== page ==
As a result, the victim sometimes limits her interactions with other people, isolating herself further at the very time she needs support.

In the case described in Konde, the victim sought help from people closest to her and service providers. However, not all victims can access this assistance.

The teenager in East Nusa Tenggara is one example of how this abuse can turn deadly. Similarly, a woman in Egypt committed suicide after her husband threatened to share a nude video unless she relinquished her rights to money and furniture in their divorce.

The Sexual Violence Crime Law is a crucial step forward. Its presence is an important point of resistance to digital-based sexual violence in Indonesia.

Several regulations related to digital content and sexual violence, for example the Information and Electronic Transactions Law and the Personal Data Protection Law, still do not accommodate protection for victims of digital-based sexual violence.

When the Electronic Transactions Law is implemented for a digital-based sexual violence case, especially if combined with the Anti-Pornography and Porno-action Law, the victim will experience criminalisation because they are considered to have contributed to creating and disseminating it.

But it does not go far enough in creating mechanisms to actually hold perpetrators accountable. 

Other challenges remain. 

Many police still think sexual violence should involve actual touching. Digital expertise is also needed to track down offenders online.

And coordination between police and social media platforms and search engines to provide evidence is not always smooth.

There are potential conflicts for platform providers and search engine managers when it comes to privacy.

There also is no mechanism for imposing restraining orders on perpetrators. In cases of digital stalking or “revenge porn”, how can we ensure the perpetrator does not attempt to access the victim’s social media account?

A judge in Pandeglang District Court, Banten, Indonesia, banned a man from the internet for eight years.

The sentence begged the question of proper enforcement. How can authorities ensure he will not access the internet during the specified time?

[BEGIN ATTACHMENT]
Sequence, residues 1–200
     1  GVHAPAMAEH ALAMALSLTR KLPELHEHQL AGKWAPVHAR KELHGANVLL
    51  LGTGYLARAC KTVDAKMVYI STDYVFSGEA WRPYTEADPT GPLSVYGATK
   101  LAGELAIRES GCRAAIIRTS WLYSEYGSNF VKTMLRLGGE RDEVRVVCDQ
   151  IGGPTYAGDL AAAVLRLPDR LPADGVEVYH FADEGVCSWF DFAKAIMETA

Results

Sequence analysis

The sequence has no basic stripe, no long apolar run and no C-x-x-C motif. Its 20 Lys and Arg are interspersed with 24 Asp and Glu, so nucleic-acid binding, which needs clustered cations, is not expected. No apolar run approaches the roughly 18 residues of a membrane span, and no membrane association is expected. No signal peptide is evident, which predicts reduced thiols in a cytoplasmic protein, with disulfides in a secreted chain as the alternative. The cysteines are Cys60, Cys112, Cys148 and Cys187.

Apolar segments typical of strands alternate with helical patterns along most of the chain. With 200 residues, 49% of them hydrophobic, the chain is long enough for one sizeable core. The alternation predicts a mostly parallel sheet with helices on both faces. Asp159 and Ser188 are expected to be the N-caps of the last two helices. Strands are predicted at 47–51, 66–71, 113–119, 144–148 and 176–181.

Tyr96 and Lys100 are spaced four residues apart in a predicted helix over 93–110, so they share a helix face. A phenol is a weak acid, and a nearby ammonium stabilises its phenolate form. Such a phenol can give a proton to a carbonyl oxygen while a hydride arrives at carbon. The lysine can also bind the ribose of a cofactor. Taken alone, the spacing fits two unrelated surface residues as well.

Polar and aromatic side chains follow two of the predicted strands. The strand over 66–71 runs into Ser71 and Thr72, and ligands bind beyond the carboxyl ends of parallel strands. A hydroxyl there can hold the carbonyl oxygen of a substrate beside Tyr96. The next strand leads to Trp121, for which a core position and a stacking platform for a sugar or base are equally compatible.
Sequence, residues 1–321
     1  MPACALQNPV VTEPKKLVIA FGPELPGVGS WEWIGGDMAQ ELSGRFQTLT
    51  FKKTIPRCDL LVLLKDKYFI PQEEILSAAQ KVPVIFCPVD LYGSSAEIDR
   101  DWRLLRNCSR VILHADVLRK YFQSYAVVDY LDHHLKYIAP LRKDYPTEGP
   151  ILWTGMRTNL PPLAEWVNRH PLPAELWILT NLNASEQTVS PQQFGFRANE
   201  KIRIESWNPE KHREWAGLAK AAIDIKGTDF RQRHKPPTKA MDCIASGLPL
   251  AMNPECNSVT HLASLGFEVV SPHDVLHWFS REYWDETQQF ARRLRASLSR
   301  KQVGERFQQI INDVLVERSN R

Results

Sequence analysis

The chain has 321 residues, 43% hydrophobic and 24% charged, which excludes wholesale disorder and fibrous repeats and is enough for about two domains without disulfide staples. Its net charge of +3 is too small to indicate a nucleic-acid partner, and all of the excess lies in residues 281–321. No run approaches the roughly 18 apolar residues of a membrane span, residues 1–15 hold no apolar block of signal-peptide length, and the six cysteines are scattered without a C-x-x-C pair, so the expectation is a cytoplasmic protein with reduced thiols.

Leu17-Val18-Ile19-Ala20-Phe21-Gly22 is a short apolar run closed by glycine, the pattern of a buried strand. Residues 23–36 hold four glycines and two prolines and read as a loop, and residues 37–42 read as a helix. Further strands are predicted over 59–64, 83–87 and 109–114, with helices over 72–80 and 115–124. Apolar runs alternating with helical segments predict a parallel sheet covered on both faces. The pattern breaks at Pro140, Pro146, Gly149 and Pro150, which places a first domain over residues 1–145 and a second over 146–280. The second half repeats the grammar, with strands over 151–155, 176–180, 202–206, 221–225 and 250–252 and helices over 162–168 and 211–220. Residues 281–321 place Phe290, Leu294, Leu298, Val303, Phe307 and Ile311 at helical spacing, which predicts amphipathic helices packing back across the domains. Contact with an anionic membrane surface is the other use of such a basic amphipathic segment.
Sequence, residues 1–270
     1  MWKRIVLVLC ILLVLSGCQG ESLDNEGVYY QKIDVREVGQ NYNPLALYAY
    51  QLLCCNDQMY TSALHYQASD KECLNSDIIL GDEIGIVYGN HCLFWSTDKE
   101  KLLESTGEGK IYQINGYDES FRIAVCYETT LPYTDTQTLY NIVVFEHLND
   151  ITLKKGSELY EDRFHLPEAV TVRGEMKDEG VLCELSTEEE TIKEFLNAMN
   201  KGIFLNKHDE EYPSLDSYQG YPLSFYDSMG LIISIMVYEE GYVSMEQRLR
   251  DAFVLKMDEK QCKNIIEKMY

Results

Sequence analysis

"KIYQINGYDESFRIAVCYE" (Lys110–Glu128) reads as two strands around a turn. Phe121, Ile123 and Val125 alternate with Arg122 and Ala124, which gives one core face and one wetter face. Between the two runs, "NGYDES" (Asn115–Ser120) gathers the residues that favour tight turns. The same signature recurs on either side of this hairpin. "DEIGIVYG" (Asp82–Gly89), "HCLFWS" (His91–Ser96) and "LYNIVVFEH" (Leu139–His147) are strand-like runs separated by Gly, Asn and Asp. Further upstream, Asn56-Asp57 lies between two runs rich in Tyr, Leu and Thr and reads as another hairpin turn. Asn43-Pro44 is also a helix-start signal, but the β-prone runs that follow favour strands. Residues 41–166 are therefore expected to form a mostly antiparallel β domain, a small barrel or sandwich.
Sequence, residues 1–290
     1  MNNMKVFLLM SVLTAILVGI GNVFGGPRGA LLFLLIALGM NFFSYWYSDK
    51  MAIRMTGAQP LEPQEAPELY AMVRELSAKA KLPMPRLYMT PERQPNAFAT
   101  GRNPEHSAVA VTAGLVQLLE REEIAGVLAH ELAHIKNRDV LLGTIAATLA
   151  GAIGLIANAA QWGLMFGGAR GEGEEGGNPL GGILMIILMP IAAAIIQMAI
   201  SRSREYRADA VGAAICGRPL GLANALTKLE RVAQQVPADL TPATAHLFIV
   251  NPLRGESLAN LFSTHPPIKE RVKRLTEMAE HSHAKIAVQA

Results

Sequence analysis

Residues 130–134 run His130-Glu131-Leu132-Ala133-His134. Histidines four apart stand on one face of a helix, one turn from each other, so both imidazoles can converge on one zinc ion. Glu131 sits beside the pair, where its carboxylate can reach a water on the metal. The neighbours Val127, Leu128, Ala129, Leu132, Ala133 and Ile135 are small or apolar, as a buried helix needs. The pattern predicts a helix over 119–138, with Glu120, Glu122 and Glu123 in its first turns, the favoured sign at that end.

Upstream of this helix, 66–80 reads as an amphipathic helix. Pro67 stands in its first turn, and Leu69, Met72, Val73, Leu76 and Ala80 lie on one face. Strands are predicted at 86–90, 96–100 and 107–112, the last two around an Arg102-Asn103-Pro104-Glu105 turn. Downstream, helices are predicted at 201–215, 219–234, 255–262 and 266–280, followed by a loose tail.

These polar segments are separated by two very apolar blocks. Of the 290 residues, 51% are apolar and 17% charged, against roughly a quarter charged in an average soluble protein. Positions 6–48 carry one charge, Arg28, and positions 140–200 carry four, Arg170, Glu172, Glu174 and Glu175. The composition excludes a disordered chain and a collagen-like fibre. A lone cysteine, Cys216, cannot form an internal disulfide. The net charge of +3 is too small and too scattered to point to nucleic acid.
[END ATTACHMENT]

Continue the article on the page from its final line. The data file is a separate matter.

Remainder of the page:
In the end, the man and his lawyer were successful in having the sentence revoked on appeal.

Perpetrators of image-based abuse are also hard to catch because many share images anonymously. Especially with “deepfakes”, law enforcement and prosecutors may not be able to tie the non-consensual images to their creators.

In Indonesia, as in many countries, the onus is often placed on the victim to produce evidence of the content’s creation or attribution.

Victims of online-based gender violence need family and community support, not blame.

Some victims of digital sexual violence fear being stigmatised for appearing in nude content, which may impact their willingness to report these crimes or otherwise seek help.

It is important for the Indonesian government to build reporting mechanisms that are more victim-friendly and less victim-blaming.

The public also needs education to not redistribute the digital content which are containing sexual violence.

Lawmakers and policymakers can also work to introduce ’rights to be forgotten’, the mechanisms to remove intimate content that is distributed non-consensually, based on a victim’s request.

They also could impose laws allowing victims to seek restraining orders on perpetrators, as well as preventing perpetrators from stalking their victims or committing other repeated violence against the victims.

Lidwina Inge Nurtjahyo is a lecturer and researcher at the Faculty of Law, University of Indonesia.

Article courtesy of 360info.